Most everything I know about learning design I learned from my former colleague Frances Rowe, Director of Instructional Design at Quinnipiac University Online. The QUOnline team has launched a new blog called Digital Pedagog.
Digital Pedagog is a gorgeous group blog. A great example of the power of team blogging. All the contributors to Digital Pedagog are experts within different domains of learning design and online/hybrid learning.
Beyond getting you to look at Digital Pedagog, my goal is start a conversation about the composition of your learning technology team. Does your team include a combination of professionals with formal training in learning design working in conjunction with people with higher ed. teaching experience?
Academic technology groups benefit having teams made up of people with wonderfully diverse backgrounds. Many of us come from the teaching side, while others come from media production, programming, or design. This diversity is terrific. But our teams need to include members who have received graduate level academic training in learning design, pedagogy, and learning theory.
A perfect example of this practice is Frances' post: Self Regulated Learning: Why is it Key to Successful Online Teaching and Learning? The blog post lays out definition, benefits, rationale and methods to encourage self regulated learning (SRL). The post gives specific examples of what SRL would look like in the course design and teaching process. The post then ends with references to the relevant literature.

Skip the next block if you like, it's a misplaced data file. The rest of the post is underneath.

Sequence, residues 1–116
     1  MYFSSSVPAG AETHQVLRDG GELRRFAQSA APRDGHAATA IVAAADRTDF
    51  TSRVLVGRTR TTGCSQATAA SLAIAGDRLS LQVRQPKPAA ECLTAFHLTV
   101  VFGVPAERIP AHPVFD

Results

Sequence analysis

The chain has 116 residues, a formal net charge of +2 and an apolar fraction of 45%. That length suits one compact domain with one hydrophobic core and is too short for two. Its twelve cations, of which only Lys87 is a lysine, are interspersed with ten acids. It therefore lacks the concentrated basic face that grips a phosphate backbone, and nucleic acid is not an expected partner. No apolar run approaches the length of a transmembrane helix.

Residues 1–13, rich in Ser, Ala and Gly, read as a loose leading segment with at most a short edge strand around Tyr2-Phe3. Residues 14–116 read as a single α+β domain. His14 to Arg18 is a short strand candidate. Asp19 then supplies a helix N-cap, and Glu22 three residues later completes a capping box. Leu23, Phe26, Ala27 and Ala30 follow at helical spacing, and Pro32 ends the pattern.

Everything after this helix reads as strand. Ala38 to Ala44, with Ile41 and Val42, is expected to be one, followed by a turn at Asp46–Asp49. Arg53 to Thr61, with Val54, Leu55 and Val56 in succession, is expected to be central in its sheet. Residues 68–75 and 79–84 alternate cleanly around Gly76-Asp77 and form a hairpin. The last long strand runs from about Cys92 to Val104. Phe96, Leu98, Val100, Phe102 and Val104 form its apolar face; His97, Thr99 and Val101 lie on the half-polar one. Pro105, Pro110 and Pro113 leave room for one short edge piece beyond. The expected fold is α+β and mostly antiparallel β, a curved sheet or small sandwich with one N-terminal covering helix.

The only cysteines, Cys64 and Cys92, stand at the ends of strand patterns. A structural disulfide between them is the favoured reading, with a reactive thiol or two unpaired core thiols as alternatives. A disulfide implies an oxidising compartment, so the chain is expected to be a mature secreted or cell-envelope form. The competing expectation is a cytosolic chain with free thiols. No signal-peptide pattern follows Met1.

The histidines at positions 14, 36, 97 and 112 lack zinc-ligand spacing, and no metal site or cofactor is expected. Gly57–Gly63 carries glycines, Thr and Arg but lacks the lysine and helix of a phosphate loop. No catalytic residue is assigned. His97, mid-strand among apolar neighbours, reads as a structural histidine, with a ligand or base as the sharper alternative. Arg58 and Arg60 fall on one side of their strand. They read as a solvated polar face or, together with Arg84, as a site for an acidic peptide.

Are we taking the time to read, and then cite, the research when we are rolling out a new learning tool or platform?
I learned the importance of working professionals with graduate training in learning design during my years working for QUOnline. Having a faculty and Web producer background I thought I knew most everything there is to know about developing online/hybrid courses and programs. What I didn't know was that effective leveraging of technology for learning depends primarily on learning theory and effective pedagogy, not mastery of the technical tools and platforms.
Frances always insisted that our tools and practices be grounded first in pedagogy, research and best practices - rather then in whatever technology was hot at the moment. In contrast, I always liked what was hot (still do), but without the strong grounding in learning theory and pedagogy that Frances provided for me during the years we worked together I know that my work today would be ineffective.
Thank you Frances and the other contributors to the Digital Pedagog blog that have taught me so much.
How are your teams made up? Do you have a mix of people with formal training in learning design and others with backgrounds in the specific disciplines? If you are someone who did not go to graduate school in programs centered around learning design and learning technology then how do you learn about the major theoretical frameworks and pedagogical best practices essential to our daily work?
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